Friday 17 January 2014

The Scattered Antiquities of Robin Symes

A rancorous legal battle over the collection of Robin Symes (described as Britain's most successful antiquities dealer) and Christo Michailidis has been going on for many years. Symes has been accused of selling off some items before a court order was granted to freeze his assets, and hiding the money from his late partner's heirs. In relation to a story current in the news at the moment, a 2009 news item reminds us of a piece of information which gives pause for thought. Reportedly, the Michailidis family have down through the years hired dozens of detectives to investigate Symes' worldwide dealings:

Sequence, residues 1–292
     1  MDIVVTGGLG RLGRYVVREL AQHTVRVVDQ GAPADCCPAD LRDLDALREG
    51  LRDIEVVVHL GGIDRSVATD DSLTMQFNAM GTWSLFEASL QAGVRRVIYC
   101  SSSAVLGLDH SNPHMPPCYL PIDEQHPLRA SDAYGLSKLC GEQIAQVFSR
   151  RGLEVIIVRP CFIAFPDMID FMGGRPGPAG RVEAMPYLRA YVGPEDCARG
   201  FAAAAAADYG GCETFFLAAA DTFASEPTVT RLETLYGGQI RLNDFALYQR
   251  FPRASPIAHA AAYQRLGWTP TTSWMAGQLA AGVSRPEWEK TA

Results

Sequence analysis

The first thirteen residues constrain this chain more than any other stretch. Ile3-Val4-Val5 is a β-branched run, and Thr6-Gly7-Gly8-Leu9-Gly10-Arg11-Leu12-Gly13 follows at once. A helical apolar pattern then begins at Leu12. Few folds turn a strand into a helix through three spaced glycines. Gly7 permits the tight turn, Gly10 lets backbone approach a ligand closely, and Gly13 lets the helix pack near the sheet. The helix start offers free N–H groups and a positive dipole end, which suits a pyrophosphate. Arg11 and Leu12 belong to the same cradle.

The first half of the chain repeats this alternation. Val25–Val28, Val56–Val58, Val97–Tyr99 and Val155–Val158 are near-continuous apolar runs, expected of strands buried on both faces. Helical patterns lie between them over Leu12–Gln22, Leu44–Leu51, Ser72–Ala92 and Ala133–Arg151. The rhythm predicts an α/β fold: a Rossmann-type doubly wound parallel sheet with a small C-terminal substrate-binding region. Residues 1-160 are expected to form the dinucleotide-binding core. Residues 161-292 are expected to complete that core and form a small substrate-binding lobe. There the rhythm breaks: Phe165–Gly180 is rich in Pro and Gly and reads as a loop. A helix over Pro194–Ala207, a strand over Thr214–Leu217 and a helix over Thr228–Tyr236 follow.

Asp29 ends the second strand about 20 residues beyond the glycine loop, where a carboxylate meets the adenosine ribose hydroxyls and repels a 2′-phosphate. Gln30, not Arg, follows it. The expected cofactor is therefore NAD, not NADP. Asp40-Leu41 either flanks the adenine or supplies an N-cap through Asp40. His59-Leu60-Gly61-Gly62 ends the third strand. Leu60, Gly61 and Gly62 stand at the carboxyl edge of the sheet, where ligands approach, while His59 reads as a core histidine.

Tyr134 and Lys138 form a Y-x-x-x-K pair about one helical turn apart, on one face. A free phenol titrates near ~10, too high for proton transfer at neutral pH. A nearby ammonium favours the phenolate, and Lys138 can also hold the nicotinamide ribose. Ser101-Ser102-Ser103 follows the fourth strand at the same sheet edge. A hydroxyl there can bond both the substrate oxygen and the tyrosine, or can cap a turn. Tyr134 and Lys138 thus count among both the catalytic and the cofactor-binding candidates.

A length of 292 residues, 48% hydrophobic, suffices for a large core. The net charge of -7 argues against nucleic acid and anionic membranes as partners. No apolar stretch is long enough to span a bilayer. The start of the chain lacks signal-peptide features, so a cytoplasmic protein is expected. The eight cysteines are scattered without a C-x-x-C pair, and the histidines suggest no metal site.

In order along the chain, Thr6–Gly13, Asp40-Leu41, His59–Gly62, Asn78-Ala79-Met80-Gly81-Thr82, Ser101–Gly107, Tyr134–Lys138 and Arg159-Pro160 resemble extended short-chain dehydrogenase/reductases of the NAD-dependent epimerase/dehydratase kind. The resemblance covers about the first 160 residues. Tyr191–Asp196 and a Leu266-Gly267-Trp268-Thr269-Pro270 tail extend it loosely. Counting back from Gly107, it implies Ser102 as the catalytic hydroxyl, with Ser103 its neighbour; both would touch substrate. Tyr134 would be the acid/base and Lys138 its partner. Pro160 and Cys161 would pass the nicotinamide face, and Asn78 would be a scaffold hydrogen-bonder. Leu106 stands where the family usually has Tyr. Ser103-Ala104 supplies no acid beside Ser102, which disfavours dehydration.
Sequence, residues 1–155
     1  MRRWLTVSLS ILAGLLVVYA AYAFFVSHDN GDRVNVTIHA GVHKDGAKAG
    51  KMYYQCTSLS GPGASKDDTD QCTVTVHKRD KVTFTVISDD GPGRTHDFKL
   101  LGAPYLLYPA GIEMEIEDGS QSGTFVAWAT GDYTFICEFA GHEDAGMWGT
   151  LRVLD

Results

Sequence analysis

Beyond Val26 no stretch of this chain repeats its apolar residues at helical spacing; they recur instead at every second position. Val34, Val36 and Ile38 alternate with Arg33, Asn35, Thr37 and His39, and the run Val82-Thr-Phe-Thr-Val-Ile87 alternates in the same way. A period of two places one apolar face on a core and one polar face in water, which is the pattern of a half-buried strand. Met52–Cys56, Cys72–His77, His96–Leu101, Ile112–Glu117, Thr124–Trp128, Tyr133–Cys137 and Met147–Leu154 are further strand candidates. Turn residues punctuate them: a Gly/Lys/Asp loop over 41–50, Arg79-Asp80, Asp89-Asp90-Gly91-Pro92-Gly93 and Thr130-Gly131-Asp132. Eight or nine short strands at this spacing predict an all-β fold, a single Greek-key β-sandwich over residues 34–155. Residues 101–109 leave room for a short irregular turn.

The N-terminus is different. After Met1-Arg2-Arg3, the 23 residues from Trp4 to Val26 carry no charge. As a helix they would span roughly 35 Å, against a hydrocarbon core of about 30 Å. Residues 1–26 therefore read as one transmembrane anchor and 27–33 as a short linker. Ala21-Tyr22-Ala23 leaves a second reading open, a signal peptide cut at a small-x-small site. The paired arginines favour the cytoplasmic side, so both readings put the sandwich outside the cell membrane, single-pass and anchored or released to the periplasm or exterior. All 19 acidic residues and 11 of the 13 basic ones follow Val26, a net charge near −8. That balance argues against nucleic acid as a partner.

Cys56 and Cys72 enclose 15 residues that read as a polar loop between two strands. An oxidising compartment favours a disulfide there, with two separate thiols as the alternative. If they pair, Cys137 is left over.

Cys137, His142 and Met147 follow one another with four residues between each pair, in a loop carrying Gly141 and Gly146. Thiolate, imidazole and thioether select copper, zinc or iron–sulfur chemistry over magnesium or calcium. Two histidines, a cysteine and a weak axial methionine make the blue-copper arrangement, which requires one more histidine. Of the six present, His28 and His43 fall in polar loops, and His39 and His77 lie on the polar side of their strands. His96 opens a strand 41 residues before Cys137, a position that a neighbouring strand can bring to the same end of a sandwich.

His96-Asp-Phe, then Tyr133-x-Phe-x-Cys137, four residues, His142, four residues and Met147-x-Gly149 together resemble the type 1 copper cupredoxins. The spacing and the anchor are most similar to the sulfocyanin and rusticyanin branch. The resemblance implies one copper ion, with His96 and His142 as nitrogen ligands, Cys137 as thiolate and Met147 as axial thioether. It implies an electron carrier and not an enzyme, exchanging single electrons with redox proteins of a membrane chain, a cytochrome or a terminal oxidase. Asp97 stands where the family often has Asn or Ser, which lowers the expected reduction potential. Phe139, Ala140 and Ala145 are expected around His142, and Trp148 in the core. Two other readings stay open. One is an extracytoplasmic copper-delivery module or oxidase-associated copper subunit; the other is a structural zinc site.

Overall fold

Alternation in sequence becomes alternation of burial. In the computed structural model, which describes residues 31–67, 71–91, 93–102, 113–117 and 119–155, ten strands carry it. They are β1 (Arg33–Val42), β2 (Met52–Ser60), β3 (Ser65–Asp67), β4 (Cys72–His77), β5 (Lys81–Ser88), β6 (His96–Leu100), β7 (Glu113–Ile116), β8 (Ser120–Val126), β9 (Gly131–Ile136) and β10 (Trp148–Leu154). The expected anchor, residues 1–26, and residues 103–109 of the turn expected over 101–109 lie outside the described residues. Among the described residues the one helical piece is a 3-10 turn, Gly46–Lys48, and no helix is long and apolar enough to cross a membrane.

So far, they have unearthed 29 locations belonging to Symes containing thousands of antiquities. Symes yesterday refused to comment on the latest allegations involving the Gray collection. Although friends describe him as a charming, harmless man, allegations of unscrupulous behaviour surrounding the dealer have frequently surfaced in the past. An antiques administrator for Sotheby's was reportedly told in 1989 that he would allegedly be "sorted out" if he asked too many questions. 
One wonders what sort of collecting histories those items had and have. With regard to the current rumours of sales to Abu Dhabi, it is worth noting that Symes' 2005 court case involved an Egyptian statue sold to Sheikh Al-Tani in the Arabian Gulf

Mark Townsend, 'The dealer, the $10m and the missing art treasures ', The Observer, Sunday 13 September 2009.

1 comment:

Unknown said...

As I posted in the WikiLoot Facebook group, the question which comes to my mind about these caches of material is: Has any information come out in court proceedings about them or their contents? How would we go about finding out?

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